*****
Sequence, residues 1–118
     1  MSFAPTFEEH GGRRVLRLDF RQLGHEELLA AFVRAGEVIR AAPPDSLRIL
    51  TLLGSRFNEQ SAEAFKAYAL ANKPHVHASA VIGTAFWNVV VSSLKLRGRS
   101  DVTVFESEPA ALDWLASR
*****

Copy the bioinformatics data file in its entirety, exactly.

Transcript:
Sequence, residues 1–118
     1  MSFAPTFEEH GGRRVLRLDF RQLGHEELLA AFVRAGEVIR AAPPDSLRIL
    51  TLLGSRFNEQ SAEAFKAYAL ANKPHVHASA VIGTAFWNVV VSSLKLRGRS
   101  DVTVFESEPA ALDWLASR